I’ve so far dined once in the Polo Grill (later on, when in Brazil), which is essentially a steak house. It has a very upclass atmosphere, and the food was good, but a steady diet of steak is also not my cup of tea. I asked again to be seated with others, and sat with two elderly couples. They discussed bridge a lot, and were enamored of group, not individual, travel. One woman had stopped at a pharmacy, where she managed to ask for a certain product, and the woman then said “It was in Portuguese!”. I chided her about what language she expected in Brazil, at which point she said “No, the box was in English. The price was in Portuguese!” I finally understood, but had to peel away myriad layers of misunderstanding. Peel away “Portuguese” and you’re left with “Brazilian”. Peel that away and you’re left with the Brazilian real. They gave the value of the real against the dollar every day in our bulletin, but to this woman, the price was, not in reals, not in “Brazilian”, but in “Portuguese”. I liked the meal in the Polo Grill that evening, but I excused myself before dessert and went to play evening trivia at the bar in order to find more interesting conversation.

 
 

It wasn’t the elderly crowd that I’d been wary of, it was the vacationing crowd, which tends to include people who have less interest in the sort of thing I like. I was talking to a nice Canadian lady, who mentioned she also has a place in Palm Harbor, near Tampa. She said she goes there for “golf, of course”, at which point I interrupted her, since I didn’t like that “of course”. I said I knew a lot of people in the Tampa area, and know of only three couples that are deeply interested in golf, and one has moved away, so I don’t consider it a prerequisite for going to Tampa. On further discussion, she wasn’t aware of the story of Manaus, of the significance of its opera house, or that it was rubber that caused it all. To me, that’s like going to Rome and not knowing at least something in advance about the Colisseum. I did fill her in, but she typifies the person who goes somewhere without having found out why it’s worth going there, and then arriving with her head in the sand. I feel there are more of these vacationing types on board than I like to see. It sort of hovers over me on this ship, along with the compact space and with being overcharged for my room, like a very mild malaise, in spite of the outstanding beauty of the interior woodwork décor, and the pleasantness of the people I’ve met that are fun to be with.

 
 

I have been told by more than one person that my writing is such that one feels one is on the trip as well, which I’m pleased to hear. In that vein, I’d like to show the picture of the MS Regatta (click to enlarge) once again, this time pointing out some locations we’ve just described. The four lifeboats are visible on deck 6, and right below them is the short trip of deck 5, four lifeboat lengths long, that’s the only direct access to outside on the lower decks, and these are sometimes closed off because of wind or rain. This minimal outdoor access adds to the cramped feeling. The lower of the blue strips entirely encircling the ship are windows on deck 9 that surround the spa area up front closest to the viewer (wasted, to my mind), that form the glass wall midships on both sides of the pool area, and that surround the buffet aft. The buffet also has an open dining terrace behind it with rear view, but it’s often too windy there. The next blue window strip is incomplete. Forward, closest to the viewer, it surrounds the Horizons lounge, with great views, including at tea time. Aft the blue-strip windows surround both specialty restaurants. Midships is an area above the pool, that is really the only other space, other than on the windy deck 11 (“Sundeck”) where you can stand at a railing and see the ocean. You’ll note that the single stack is aft.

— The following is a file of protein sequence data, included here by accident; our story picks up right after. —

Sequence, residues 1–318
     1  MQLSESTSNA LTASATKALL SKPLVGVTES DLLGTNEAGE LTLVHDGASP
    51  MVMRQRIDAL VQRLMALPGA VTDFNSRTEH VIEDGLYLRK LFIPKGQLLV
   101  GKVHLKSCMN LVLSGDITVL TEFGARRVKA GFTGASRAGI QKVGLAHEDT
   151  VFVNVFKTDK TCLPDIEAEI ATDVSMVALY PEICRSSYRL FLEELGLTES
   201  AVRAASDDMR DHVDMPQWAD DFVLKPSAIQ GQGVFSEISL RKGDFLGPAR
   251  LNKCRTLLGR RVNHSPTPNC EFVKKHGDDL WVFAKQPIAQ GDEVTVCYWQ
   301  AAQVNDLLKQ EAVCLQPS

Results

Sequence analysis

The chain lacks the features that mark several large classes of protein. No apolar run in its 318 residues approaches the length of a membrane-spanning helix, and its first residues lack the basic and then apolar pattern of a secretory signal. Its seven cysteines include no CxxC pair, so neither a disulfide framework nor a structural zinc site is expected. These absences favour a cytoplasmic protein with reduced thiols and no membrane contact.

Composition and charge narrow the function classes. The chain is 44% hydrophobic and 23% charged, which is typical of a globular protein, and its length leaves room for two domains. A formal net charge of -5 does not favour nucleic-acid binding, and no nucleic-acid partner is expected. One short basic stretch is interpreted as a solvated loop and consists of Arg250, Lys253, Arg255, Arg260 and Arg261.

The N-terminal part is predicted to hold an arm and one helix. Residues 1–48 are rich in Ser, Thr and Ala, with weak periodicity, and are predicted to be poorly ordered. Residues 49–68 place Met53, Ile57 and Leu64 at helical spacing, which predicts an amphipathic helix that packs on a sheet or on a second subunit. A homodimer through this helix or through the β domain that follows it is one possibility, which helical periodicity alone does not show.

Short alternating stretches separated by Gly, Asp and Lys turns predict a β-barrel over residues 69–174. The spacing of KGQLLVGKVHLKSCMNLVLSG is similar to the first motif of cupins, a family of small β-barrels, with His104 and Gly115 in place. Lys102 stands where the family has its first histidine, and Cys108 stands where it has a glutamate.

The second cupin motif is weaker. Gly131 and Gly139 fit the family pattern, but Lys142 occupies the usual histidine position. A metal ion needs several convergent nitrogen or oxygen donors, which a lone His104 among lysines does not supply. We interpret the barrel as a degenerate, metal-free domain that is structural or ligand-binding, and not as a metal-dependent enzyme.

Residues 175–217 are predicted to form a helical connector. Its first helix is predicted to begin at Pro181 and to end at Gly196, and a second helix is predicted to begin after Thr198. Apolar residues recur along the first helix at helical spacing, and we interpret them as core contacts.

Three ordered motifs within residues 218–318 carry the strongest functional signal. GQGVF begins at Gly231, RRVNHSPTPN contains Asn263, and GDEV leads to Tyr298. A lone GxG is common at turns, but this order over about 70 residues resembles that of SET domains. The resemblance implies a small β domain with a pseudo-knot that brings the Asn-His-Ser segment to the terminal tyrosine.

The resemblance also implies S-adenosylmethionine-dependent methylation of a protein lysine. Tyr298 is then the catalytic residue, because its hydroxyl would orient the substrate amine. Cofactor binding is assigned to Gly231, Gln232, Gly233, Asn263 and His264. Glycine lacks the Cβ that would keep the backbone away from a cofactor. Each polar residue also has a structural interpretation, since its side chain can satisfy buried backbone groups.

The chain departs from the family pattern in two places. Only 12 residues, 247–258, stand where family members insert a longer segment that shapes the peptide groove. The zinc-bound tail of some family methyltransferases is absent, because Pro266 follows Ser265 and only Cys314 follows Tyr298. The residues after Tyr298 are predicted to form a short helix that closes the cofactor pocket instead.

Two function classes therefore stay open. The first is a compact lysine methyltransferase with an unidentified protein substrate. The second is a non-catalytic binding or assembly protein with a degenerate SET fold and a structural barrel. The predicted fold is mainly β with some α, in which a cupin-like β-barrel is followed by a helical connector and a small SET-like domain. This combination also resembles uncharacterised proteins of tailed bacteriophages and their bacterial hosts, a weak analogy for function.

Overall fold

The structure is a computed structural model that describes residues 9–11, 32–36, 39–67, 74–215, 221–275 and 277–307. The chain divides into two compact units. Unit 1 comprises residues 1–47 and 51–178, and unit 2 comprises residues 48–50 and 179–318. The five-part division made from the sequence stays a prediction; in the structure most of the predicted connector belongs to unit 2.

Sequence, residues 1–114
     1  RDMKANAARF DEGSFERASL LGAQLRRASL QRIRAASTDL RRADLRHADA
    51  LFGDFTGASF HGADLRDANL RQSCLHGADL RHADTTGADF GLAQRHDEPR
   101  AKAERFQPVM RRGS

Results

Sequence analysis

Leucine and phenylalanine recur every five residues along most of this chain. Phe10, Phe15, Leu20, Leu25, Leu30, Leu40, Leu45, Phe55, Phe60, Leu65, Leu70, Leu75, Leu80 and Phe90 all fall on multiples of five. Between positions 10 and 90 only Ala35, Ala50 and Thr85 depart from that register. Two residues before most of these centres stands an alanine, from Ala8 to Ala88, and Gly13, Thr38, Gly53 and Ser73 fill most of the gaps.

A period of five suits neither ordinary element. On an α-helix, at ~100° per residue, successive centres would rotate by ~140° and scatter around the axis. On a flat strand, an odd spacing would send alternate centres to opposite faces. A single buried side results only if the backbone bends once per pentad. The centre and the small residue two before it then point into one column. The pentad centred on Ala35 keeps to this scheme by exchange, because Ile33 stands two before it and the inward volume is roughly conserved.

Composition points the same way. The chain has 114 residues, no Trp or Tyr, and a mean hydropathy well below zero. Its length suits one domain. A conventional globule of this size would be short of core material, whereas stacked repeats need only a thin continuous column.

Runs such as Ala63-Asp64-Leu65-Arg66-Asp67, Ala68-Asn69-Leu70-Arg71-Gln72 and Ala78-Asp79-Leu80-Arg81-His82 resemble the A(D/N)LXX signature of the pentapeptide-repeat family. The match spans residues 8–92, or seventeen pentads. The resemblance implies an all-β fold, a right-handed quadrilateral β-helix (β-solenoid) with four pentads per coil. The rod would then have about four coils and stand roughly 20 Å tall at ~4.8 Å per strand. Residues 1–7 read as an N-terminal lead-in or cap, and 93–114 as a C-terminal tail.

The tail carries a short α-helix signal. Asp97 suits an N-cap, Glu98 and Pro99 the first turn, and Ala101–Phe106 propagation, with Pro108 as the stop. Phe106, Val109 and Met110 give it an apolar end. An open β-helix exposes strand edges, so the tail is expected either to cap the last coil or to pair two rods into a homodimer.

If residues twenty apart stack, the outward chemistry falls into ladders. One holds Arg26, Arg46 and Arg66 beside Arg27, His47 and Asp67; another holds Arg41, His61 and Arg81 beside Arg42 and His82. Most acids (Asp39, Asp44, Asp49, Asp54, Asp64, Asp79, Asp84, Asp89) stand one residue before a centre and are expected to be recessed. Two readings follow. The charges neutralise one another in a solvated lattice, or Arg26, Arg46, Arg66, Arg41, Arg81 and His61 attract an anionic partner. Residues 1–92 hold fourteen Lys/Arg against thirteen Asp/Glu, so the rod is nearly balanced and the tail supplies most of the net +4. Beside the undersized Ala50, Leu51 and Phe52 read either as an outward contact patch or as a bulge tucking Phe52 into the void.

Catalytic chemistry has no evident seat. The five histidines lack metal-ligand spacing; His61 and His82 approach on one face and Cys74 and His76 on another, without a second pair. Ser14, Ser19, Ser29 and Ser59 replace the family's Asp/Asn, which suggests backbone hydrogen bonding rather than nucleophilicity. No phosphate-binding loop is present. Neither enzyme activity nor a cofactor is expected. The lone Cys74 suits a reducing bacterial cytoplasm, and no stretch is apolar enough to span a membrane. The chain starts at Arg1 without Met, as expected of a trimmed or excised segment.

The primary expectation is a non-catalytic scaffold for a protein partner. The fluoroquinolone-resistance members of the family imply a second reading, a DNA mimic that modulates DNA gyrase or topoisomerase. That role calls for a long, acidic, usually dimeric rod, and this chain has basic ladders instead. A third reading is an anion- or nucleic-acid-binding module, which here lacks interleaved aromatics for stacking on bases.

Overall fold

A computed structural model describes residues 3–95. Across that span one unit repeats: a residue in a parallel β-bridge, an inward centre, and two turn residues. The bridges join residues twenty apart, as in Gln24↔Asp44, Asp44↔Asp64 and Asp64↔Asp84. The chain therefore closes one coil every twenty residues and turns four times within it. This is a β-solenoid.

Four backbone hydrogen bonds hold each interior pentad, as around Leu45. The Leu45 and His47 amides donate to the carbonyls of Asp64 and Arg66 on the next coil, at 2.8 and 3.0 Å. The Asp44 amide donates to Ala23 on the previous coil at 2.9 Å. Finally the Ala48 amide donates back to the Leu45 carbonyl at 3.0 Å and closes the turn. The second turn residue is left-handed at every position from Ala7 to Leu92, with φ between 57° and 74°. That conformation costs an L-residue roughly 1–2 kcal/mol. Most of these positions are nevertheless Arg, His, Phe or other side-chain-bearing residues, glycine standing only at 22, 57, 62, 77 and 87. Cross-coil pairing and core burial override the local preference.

The "Caribbean"   There’s the “Caribbean” and the Caribbean. Most people don’t pay attention to the difference, and that’s really OK, since it’s just human nature not to. But the name signifies two different viewpoints, and we can point out the difference here.

 
 

The difference involves what I like to call the two realities, the emotional one of the heart, and the more rational one of the mind. This is a Caribbean map (click to enlarge) covered by the two realities. Most of the time, most people talking about the islands and waterways here would say this is the “Caribbean”. A trip to any island here is called a “Caribbean” trip, and one would say he’s “going to the ‘Caribbean’”. That is the everyday reality of the heart.

 
 

The mind looks at things more carefully, and locates the Caribbean Sea, distinguishing it from the Atlantic Ocean. The mind sees very clearly the string of islands forming a “land border” separating the two bodies of water. These islands include Cuba, Hispaniola (Haiti and the Dominican Republic), Puerto Rico, and a long string of small islands in a backwards C-shape from the Virgin Islands to Grenada. These islands straddle two bodies of water, with the Atlantic Ocean on one side and the Caribbean Sea on the other. While usually referred to as Caribbean islands, that is only half true.

 
 

Clearly NOT in the Caribbean are the Bahamas, the nearby Turks & Caicos, rather surprisingly Barbados, which stands off well east of the others, and the country of Trinidad & Tobago. All of these are Atlantic islands.